Seconds From Disaster – Overspeed Devices

A full loss of generator load can cause the operating speed of a turbine (steam or combustion) to go from normal to catastrophic in a matter of seconds. The electrical load can be lost from generator failure or from external sources such as hurricanes, floods or ice storms downing power lines.

Basically, the generator load is a gigantic magnetic braking force.  In normal turbine operation, the driving force (steam or gas pressure) is equal to the braking force of the generator and the turbine-generator speed is constant. When the braking force is suddenly removed, the turbine force must also be removed before the turbine and the generator components rapidly spin out of control, potentially causing millions of dollars in damage. Your overspeed protection system must be ready to avert this disaster.

Overspeed protection devices can be mechanical (trip weight), electrical or a combination of both.  Units can have a mechanical governor or EHC controls.  Regardless of the mechanism, all overspeed protective devices are designed to stop the steam or fuel from entering the turbine(s) upon an increase in normal speed.  Most overspeed trip mechanisms are set to trip the unit at 110% of rated speed, but most turbine-generators are designed to temporarily operate at up to 120% of rated speed. Lower overspeed settings may be required for certain reheat units and nuclear applications.

Your turbine should have at least two trip devices – electronic and mechanical. Both systems must be inspected and tested regularly – please check your operating manual or call us with any questions.

Failure to remove the driving force (steam or combustion) can unleash torque forces which can destroy your turbine-generator. For example, a modest-sized steam turbine can have a start-up flow of 40,000 lb/hour to synchronize the generator to the grid and close the breaker. As the generator takes on load, steam flow is increased from the initial 40,000 lb/hour to a much greater flow (let’s say 2,000,000 lb/hour) and the turbine goes no faster! That additional 1,960,000 lb/hour steam flow has created torque to drive the generator.

Under a full load rejection, the generator armature reaction that opposes those additional pounds per hour of steam flow is suddenly removed. Now there is an unopposed 1,960,000 lb/hour of steam flow accelerating the turbine. We should not be concerned so much with how fast the turbine will go, because the speed will be way too much. We are more concerned with how fast the turbine-generator will accelerate and how quickly the turbine inlet steam valves will have to close. If the steam is not shut off, the turbine achieves the 120% rating value in seconds. Seconds later, bearings are failing, blades are failing, disks are failing or being pushed into the diaphragms, generator retaining rings are failing, and the rotor is being pushed into the core.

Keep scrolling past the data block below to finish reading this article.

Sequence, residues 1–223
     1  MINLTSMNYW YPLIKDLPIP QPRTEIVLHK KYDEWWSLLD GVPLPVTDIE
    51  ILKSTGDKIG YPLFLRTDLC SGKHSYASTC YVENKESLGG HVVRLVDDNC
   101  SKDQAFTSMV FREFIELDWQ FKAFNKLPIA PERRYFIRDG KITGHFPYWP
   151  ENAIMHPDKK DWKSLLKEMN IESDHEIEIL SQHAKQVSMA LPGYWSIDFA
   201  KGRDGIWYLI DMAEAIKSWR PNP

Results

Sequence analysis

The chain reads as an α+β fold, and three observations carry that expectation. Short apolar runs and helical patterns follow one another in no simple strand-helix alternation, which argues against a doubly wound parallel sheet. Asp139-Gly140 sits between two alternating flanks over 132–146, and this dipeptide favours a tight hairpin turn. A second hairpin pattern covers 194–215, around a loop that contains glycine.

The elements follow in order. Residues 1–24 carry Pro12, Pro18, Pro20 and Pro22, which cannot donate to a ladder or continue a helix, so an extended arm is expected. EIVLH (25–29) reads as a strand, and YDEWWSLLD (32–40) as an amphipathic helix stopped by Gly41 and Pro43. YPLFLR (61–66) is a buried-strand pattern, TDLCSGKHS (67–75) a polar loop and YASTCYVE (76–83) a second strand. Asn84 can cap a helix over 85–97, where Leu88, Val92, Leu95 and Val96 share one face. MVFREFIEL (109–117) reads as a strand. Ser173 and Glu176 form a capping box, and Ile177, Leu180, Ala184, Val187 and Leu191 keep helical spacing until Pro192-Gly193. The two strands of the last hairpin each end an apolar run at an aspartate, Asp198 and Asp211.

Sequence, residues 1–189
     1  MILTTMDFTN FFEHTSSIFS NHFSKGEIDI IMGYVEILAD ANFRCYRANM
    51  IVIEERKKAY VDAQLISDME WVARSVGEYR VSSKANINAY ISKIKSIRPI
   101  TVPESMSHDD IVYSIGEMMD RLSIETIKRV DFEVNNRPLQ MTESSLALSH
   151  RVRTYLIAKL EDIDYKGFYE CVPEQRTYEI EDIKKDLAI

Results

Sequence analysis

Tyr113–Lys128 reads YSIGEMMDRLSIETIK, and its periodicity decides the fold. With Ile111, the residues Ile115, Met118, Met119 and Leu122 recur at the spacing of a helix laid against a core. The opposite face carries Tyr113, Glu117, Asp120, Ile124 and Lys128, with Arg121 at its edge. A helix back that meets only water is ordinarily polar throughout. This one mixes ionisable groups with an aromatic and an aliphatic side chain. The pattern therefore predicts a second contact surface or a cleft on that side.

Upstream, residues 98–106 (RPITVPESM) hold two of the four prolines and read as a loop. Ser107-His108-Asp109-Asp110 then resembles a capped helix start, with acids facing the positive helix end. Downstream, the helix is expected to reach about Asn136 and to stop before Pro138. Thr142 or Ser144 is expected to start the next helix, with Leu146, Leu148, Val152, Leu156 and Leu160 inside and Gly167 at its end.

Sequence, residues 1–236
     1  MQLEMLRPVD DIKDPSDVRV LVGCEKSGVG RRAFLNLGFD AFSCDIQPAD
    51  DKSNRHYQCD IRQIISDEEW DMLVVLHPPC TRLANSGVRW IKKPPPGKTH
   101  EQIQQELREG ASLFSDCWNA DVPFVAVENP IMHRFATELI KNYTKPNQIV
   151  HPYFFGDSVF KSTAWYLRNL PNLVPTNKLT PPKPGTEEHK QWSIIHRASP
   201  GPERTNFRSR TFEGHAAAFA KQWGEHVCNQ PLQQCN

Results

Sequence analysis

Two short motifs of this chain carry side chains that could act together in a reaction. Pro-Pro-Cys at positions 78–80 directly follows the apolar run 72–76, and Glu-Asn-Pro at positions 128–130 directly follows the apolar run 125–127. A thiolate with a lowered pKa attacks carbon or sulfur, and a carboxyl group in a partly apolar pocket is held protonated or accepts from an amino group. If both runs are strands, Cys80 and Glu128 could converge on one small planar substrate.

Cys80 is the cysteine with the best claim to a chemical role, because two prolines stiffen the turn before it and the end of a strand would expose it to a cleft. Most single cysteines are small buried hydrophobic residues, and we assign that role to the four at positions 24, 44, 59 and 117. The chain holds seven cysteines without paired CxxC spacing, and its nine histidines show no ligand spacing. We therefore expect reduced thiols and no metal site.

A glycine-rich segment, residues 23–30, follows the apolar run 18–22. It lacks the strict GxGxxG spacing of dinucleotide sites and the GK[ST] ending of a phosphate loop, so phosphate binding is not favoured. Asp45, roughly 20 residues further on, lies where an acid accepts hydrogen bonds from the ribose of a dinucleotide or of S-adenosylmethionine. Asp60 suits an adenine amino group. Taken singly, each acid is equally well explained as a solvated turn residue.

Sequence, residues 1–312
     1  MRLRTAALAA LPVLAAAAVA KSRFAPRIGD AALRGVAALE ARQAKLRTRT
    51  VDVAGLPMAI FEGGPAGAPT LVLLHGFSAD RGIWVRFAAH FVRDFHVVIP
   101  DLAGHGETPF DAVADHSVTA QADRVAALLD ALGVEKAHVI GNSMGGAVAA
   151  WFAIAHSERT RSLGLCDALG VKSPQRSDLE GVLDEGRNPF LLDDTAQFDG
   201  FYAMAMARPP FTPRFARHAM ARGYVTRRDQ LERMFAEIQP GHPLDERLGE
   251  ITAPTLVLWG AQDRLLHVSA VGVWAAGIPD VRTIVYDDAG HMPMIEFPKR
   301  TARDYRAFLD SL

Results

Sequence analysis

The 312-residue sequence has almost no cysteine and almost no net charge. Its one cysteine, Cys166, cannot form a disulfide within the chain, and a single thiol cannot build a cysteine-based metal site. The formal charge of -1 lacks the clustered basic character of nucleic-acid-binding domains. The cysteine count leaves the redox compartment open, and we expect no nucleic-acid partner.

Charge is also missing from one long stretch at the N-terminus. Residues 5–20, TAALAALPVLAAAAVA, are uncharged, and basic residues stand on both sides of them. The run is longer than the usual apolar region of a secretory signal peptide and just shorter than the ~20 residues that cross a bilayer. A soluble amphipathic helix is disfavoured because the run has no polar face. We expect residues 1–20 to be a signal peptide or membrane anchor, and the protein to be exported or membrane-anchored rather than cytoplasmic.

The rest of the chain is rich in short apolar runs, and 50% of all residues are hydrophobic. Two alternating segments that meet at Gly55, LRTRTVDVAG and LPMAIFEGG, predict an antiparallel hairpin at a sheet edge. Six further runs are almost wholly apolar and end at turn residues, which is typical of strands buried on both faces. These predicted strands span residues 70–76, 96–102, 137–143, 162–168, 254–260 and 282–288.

Combustion turbine operators may feel safer because the compressor load acts as an additional brake on acceleration. However, this retarding force will only afford you a few extra seconds. Whether steam or combustion driven, your turbine-generator needs to be ready and personnel need to be ready. There is no warning and you have so little time to act!

Minimize overspeed risk by:

* Having at least two trip devices – electronic and mechanical.

* Properly calibrating your overspeed devices.

* Routine testing to exercise those devices that must operate in an emergency.

* Reporting unusual events that could be indicators of increased risk (a sticking valve that fails to respond to load demand is a good example).

* Not performing tests (exercises) in severe weather conditions where the risk of load rejection is much higher.

Follow the OEM’s recommendation’s for the recommended testing frequency of your over-speed trip and record it’s trip speed.  A good time to test is when you are required to shut down the unit and load is removed from the generator.

The bottom line is that your turbine-generator needs to be ready; personnel need to be ready, as there is no warning and you have so little time to act!

Project Spotlight – Steam Turbine Diaphragm Restoration

During the spring outage season Power Services Group was contacted by an Industrial Steam Turbine Owner in the Midwest with the intent to purchase a new diaphragm assembly (upper and lower halves). The customer was advised by the OEM that their existing diaphragm assembly was beyond economical repair. The lead time and price provided by the OEM to manufacture a new diaphragm assembly would have put the customer over budget and beyond the allotted schedule for their planned outage in progress.
In response to the customer purchase inquiry, we requested photos of the damaged areas of the existing diaphragm. After a detailed review we informed the customer that the existing diaphragm assembly could be repaired at a reasonable price and schedule.
After the customer reviewed our detailed repair plan and schedule, they accepted the proposal and personally delivered the diaphragm assembly to our Midwest Repair Center of Excellence located in Pevely, Missouri.
After incoming inspection, our technicians executed a major weld repair of the admission and exhaust side inner and outer setback faces of both diaphragm halves. Upon completion, final dimensional inspections were performed. After thorough quality verification, the diaphragm assembly was expedited back to the customer’s facility, successfully installed, and returned to service.
The total schedule for all work completed – from receipt of initial phone call to a fully-repaired, delivered diaphragm assembly – was 11 days. This timeline was not considered possible by the customer when they initiated that first call.
PSG provided the customer an alternative, attractive solution they thought was unattainable. The diaphragm assembly was restored, instead of replaced, at much lower cost than a new diaphragm assembly. Even more importantly, extensive repairs were completed within 11 days of initial contact, versus the long lead time of new component manufacturing. PSG saved the customer significant downtime and associated lost production revenue. We are proud to have a satisfied customer we were able to help through an extremely difficult situation.

“As Found” Photos:

Exhaust-Side Erosion

Admission-Side Erosion

“As Left” Photos:

Admission Side Final Machined

Exhaust Side Final Machined